Per Erik Hanevoll, manager of the Sverdrup Research Station in Ny-Alesund, was puzzled by the haze that drifted in over Kongsfjorden on July 10. At first he thought it was heat haze, since instruments showed it was 14.1 degrees Celsius on Zeppelinfjellet, but the yellowish color suggested otherwise.
– There had been clear and nice weather all week, said Hanevoll, who by chance had taken photographs from the Zepplin Observatory the previous day. So he took additional pictures on that day as well.
The observatory is operated by the Norwegian Institute for Air Research (Nilu) and advanced measurement equipment captures even the smallest changes in the air. Svalbardposten previously reported the sensors are detecting toxins from spray products in the United States, but on this occasion the pollution was coming from the north. It apparently passed over the North Pole on its way to Svalbard.
– I thought it was very much similar to an Arctic haze, pollution from afar, and got Nilu to investigate. Most likely there was a forest fire in Alaska that was the reason we got the heat haze in Svalbard. Nilu claims that on the basis of indicators they detected from several components, the station leader said.
The Nilu analysis shows the particles are likely from a large wildfire on June 15 in Alaska. Reuters reported the fire spread over 26 square kilometers and 1,700 homes were evacuated while 200 firefighters fought the blaze. More than 45 homes were destroyed. If Nilu's theory is correct, the smoke drifted here.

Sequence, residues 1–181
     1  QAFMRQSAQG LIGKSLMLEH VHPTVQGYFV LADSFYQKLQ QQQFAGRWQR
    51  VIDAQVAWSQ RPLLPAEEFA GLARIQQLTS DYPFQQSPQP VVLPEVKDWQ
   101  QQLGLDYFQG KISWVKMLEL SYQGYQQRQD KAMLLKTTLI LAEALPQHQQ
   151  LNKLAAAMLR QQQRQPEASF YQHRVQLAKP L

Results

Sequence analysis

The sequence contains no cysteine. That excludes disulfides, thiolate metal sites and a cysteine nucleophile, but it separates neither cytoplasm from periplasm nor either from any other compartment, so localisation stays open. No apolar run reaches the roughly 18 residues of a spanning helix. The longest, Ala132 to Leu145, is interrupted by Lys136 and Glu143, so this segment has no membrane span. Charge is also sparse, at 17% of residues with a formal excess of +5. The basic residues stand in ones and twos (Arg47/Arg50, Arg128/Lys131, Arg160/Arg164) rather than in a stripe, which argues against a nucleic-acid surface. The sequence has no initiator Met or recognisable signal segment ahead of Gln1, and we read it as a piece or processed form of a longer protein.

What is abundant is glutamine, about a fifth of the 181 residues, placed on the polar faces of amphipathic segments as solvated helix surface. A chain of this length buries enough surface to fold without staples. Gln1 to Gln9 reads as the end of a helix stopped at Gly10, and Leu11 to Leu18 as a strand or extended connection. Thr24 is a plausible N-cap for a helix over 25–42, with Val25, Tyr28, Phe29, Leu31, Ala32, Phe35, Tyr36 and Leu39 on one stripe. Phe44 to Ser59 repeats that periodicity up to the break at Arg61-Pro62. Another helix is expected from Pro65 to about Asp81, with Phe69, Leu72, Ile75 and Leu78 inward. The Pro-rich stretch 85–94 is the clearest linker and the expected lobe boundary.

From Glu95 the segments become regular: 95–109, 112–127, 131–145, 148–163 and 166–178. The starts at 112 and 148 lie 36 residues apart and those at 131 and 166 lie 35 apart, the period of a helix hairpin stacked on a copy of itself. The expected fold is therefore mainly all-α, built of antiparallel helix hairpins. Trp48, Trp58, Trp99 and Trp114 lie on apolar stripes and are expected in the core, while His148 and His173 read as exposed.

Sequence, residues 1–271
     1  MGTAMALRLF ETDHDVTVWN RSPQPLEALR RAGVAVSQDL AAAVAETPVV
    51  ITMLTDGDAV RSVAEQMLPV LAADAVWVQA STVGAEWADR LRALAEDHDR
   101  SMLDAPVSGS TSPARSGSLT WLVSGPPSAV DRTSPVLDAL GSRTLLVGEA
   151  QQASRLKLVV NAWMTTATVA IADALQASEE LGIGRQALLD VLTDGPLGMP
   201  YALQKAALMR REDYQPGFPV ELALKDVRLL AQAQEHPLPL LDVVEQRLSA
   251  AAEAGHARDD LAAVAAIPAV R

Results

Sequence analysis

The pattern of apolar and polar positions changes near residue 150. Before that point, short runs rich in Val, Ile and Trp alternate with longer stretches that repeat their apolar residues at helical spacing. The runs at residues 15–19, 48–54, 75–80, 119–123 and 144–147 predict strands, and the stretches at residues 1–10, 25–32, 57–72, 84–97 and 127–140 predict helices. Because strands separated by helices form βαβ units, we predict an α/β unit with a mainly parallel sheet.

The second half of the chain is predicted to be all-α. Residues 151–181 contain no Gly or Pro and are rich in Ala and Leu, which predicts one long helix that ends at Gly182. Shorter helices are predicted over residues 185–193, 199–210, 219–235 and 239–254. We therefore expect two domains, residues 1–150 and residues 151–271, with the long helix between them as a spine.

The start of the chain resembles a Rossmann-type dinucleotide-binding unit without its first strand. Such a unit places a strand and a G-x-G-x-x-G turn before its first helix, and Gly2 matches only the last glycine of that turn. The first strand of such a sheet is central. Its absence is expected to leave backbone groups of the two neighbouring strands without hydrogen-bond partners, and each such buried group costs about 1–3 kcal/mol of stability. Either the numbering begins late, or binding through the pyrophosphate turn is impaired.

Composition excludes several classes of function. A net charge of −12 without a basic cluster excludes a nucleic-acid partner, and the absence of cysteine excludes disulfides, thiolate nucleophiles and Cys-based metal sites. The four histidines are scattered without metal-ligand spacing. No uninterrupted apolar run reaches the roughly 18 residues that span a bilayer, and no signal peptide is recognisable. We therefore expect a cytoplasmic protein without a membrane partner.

– Sometimes we get very powerful air pollution over Svalbard because of what occurs in Asia or, in as in this instance, Alaska, Hanevoll said.
– Whether it was psychological or not, I don't know, but it was as if there was a familiar taste to the haze. A bit like sulphur, actually. The color reminds me a bit of city smog, he said.
There have also been large forest fires in Canada this month, but it is uncertain if traces from them will find their way here. In any event, it's now known what a forest fire looks like in Svalbard.